Wine is a delicate beverage, and it can start to spoil if it’s not stored properly. When wine is exposed to oxygen, it will oxidize, and the flavor will begin to change. A wine fridge prevents this by keeping your wine sealed off from the air, which means it will stay fresher for longer.
Let’s explore some other reasons why your wine fridge may be icing up. Keep reading!
TIP: A critical aspect of keeping wine for long periods is the correct temperature and humidity. Check out this complete guide on how to control humidity in the wine fridge and the most common reason why your wine cooler is not cooling in this article.
Why Does My Wine Fridge Keep Icing Up
A wine fridge is a refrigerator that is designed for the specific purpose of cooling and storing wine. While you could use a regular kitchen refrigerator to store your wine, it’s not ideal because refrigerators are built to maintain a temperature range of 40 degrees F to 45 degrees F, which is too cold for wine. However, regular refrigerators don’t have the hassle of icing up that some wine refrigerators do.
Some reasons your wine fridge might keep icing up are listed below.
Defrost timer. A defrost timer shuts off the refrigerator compressor at pre-scheduled intervals in order to allow your unit to defrost. Should your defrost timer be faulty, you could see significant ice build-up in your wine fridge.
Clogged drain line. The drain line of the evaporator coil can get clogged and water vapor will back up causing icing issues around the drain or on the coil itself. This is usually easy to spot and should be fixed right away.
TIP: The estimated cost to repair a wine fridge can range between $50 and $500, excluding the shipping costs for online purchased parts. The list of costs for all wine cooler parts is in the table below:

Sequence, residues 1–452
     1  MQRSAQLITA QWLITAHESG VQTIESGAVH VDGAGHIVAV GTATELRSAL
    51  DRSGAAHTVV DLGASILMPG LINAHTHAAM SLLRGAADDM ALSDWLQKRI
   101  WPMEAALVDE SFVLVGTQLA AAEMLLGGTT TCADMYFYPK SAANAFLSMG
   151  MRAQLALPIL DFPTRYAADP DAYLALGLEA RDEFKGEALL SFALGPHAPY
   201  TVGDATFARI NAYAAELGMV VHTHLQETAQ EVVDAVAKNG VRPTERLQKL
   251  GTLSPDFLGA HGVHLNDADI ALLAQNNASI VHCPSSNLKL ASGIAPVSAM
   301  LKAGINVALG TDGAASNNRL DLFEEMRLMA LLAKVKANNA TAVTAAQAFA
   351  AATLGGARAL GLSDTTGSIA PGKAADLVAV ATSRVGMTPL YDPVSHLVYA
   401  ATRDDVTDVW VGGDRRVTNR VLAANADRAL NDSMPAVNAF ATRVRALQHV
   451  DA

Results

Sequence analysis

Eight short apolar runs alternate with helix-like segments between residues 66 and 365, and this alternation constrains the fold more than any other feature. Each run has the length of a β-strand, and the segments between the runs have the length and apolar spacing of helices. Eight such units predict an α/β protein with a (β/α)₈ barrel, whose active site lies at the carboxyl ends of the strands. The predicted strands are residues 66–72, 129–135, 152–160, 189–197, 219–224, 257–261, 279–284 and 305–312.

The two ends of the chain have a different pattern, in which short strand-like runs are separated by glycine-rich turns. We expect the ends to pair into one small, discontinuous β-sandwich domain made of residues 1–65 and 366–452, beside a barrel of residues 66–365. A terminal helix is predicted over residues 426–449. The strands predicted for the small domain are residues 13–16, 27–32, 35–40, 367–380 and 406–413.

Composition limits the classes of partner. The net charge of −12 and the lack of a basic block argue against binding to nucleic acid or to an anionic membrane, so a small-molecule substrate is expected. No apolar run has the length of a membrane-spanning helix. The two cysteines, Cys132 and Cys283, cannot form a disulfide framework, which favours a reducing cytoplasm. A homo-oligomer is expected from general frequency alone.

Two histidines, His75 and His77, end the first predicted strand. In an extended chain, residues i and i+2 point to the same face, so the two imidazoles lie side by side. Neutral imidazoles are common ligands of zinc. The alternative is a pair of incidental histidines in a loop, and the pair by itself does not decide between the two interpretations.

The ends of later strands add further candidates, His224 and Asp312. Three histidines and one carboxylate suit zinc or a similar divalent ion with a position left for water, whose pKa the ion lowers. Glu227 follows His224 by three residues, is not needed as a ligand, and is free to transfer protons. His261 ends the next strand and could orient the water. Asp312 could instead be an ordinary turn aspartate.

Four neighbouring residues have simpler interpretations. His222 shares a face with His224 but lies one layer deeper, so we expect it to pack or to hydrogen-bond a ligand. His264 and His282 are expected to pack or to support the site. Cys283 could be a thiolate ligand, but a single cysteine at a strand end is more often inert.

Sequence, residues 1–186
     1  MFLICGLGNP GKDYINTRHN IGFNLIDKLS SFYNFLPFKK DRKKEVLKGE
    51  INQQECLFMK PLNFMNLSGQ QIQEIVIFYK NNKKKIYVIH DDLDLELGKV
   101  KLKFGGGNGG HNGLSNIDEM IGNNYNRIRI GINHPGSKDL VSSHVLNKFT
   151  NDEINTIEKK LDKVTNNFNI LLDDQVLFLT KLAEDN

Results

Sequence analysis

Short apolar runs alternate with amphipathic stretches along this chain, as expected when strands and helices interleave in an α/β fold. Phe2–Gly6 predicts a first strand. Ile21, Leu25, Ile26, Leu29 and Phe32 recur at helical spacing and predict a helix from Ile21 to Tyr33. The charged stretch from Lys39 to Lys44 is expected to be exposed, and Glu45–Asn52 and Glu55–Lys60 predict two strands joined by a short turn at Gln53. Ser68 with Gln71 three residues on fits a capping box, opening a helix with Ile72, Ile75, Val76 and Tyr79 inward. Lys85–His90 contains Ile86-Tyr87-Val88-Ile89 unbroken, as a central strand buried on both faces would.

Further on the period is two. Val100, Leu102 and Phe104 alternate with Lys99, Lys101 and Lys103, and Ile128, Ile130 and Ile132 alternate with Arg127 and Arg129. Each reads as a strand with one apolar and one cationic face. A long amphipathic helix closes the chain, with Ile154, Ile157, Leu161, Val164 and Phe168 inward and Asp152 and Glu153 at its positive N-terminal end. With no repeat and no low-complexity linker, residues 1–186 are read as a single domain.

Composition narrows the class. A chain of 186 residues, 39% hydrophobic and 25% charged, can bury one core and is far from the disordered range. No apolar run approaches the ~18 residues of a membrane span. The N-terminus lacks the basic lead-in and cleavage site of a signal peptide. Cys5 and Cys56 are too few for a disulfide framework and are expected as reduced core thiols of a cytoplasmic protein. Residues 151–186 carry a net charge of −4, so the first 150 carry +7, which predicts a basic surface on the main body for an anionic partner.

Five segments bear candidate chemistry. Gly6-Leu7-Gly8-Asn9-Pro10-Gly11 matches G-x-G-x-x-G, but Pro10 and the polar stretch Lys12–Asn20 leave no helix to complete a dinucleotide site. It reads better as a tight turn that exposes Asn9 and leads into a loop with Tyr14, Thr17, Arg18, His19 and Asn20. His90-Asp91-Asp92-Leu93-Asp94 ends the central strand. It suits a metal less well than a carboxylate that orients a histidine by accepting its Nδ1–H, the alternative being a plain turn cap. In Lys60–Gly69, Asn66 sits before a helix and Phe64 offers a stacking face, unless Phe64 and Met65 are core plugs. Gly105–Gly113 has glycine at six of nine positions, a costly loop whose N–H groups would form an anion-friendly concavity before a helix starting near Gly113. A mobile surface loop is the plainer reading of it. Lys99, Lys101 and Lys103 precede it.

|Wine Cooler Part||Costs||Products on Amazon|
|Compressor||$100 – $600||Best Compressors|
|Thermostat||$5 – $30||Best Thermostats|
|Start relay||$7 – $16||Best Start Relays|
|Condensor motor||$30 – $250||Best Condensor Motors|
|Overload protector||$5 – $10||Best Overload Protectors|
|Cooling fan unit||$10 – $25||Best Cooling Fan Units|
|Control board||$60 – $250||Best Control Boards|
|Temperature switching PCB||$30 – $50||Best PCBs|
|Thermal plate||$30 – $50||Best Thermal Plates|
How Do You Get Ice Out of a Wine Cooler
The best way to get ice out of a wine cooler is to defrost it without the risk of damaging the cooling lines. The way to do this is to empty it, unplug it, and wipe out the frost and water with a towel. If it is frosting over a lot, try reducing the temperature and get a thermometer for the inside so it doesn’t ruin your wine.
TIP: Many people worry if wine refrigerators are noisy and thus more appropriate for a garage. In this article, you’ll see that these concerns are mostly unfounded. This is a great article I wrote that will put your mind at ease.
Wine refrigerators are less expensive than building a wine cellar in your home. You’ll still be able to maintain the perfect temperature and humidity for your wines, but you won’t have to worry about the high costs associated with building a wine cellar.
In addition, to get the ideal storage conditions that you can quickly achieve with a wine refrigerator, you’ll need a cooling system that is constantly running and a humidifier to maintain proper humidity. This will be quite expensive, racking up your electricity bill.
On the other hand, a wine fridge provides a controlled environment that preserves your wine with the benefit of fitting your home, energy efficiency, and low maintenance costs.
With advanced features like dual-zone temperature, wine fridges have the ability to have independent temperature ranges to properly store both red and white wines within a limited space.
And as long as you know how to be proactive in keeping your wine fridge from icing up as well as using the tips and tricks we have learned here, you’ll be ready to own and manage that wine fridge like a pro!
TIP: For a complete list of wine products and accessories I really love, check out this page. You’ll find my recommendations for wine refrigerators, decanters, and aerators and the best place to buy wine online. Click here to see the complete listing.